Hugh Nelson (Canadian politician)
|4th Lieutenant Governor of British Columbia|
February 8, 1887 – November 1, 1892
|Governor General||The Marquess of Lansdowne|
The Lord Stanley of Preston
Alexander Edmund Batson Davie
|Preceded by||Clement Francis Cornwall|
|Succeeded by||Edgar Dewdney|
|Senator for Barkerville, British Columbia|
December 12, 1879 – March 1, 1887
|Nominated by||John A. Macdonald|
|Member of the Canadian Parliament|
for New Westminster
|Preceded by||Electoral district created.|
|Succeeded by||James Cunningham|
|Member of the Canadian Parliament|
for New Westminster District
|Preceded by||Electoral district created|
|Succeeded by||Electoral district abolished|
|Member of the Legislative Assembly of British Columbia for New Westminster|
|Born||May 25, 1830|
Larne, County Antrim, Ireland
|Died||March 3, 1893 (aged 62)|
Born in his father's residence, Shore Cottage in Magheramorne, Larne, County Antrim, Ireland, the son of Robert Nelson, Esq. and Frances Quinn, he emigrated to California in 1854. He arrived in British Columbia in 1858, but unlike the horde of others who arrived in that year he had not come in pursuit of gold but to participate in the building of the colony as an English dominion. Eschewing the goldfields themselves, he founded the B.C. & Victoria Express Company, which had the dominant share of the freight and travel market between Victoria and New Westminster and Yale, with partner George Dietz, and also the lumbering firm Moody, Dietz and Nelson, the third partner of which was Sewell Moody, which was the operating name of Moodyville Sawmill Co. in what is now North Vancouver. The freighting firm was sold off early on to Frank Barnard Sr., whose B.C. Express Company then became the leading firm for shipments and travel to and from the Cariboo region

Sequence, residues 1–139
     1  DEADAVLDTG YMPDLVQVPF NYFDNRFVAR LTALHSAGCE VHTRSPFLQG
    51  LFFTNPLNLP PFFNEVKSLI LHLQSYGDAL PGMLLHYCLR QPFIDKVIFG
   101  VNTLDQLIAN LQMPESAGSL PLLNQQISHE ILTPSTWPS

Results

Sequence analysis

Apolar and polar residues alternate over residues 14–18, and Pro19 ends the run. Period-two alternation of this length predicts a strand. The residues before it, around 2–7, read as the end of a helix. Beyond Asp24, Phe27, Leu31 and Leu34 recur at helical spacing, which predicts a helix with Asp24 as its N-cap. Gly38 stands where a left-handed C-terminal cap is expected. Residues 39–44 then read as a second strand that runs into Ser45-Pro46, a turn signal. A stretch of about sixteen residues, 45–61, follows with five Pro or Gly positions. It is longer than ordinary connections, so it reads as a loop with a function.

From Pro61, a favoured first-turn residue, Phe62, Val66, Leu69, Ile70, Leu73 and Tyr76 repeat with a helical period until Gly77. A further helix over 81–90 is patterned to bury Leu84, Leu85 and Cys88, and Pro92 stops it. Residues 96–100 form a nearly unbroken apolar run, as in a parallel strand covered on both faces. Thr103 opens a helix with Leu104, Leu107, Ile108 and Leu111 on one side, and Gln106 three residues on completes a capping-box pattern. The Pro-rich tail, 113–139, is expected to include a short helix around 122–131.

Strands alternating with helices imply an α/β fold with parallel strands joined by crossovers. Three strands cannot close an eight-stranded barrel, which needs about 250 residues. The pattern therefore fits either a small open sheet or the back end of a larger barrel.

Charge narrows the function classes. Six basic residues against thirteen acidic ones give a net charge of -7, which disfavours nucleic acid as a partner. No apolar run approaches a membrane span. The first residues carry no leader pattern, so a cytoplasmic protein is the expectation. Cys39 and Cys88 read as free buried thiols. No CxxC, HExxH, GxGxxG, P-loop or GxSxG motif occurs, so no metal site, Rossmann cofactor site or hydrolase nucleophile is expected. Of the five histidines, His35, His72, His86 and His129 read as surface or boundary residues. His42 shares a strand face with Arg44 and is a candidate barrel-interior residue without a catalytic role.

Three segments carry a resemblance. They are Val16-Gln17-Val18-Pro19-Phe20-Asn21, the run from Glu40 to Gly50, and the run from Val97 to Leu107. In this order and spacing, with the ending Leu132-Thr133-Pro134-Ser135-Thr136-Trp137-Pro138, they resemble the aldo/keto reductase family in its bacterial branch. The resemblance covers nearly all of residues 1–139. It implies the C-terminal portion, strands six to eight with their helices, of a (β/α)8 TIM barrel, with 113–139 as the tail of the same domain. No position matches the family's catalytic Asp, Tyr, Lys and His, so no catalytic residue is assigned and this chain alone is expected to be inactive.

Although active in politics, he did not stand for office to the Legislative Council until 1870 (for the colonial riding of New Westminster), by which time he had become one of the principal promoters of British Columbia's merger with the Confederation of Canada. He was a member of the Yale Convention, which ushered in BC's union with Canada, and was on the committee of that body charged with seeing the agreement come into effect. He was a member of the colonial Legislative Assembly of British Columbia, and in 1871 was one of the first Members of Parliament from British Columbia to the House of Commons, representing New Westminster District.
A Liberal-Conservative, he was re-elected in 1872. He did not run in 1874. In 1879, he was appointed to the Senate of Canada representing the senatorial division of Barkerville, British Columbia. He withdrew from business in 1882, and in February, 1887 married Emily Stanton, daughter of J.B. Stanton, Esq., of the Canadian civil service. He and resigned his senate seat in 1887, when he was appointed Lieutenant-Governor of British Columbia. In 1892, he resigned as Lieutenant-Governor and returned to England where he died the following March of Bright's disease.
Hon Hugh Nelson, then a Senator married September 17, 1885 Emily Stanton, daughter of Isaac Brock Stanton and his wife, Maria Wilson. Emily was born and educated in Canada. The couple lived at 354 Cooper Street, Ottawa and Government House, Victoria during Hugh Nelson`s terms of office. He died in London, England on March 3, 1893.
- Gemmill, J. A. (1883). The Canadian Parliamentary Companion (PDF). Ottawa: J. Durie & Son. p. 67. Retrieved 23 May 2021.
- Morgan, Henry James, ed. (1903). Types of Canadian Women and of Women who are or have been Connected with Canada. Toronto: Williams Briggs. p. 252.
- Lewis, Zane H. (1990). "Nelson, Hugh". In Halpenny, Francess G (ed.). Dictionary of Canadian Biography. XII (1891–1900) (online ed.). University of Toronto Press.
- Hugh Nelson – Parliament of Canada biography
- Biographical dictionary of well-known British Columbians : with a historical sketch, J.B. Kerr from Early Canadian OnLine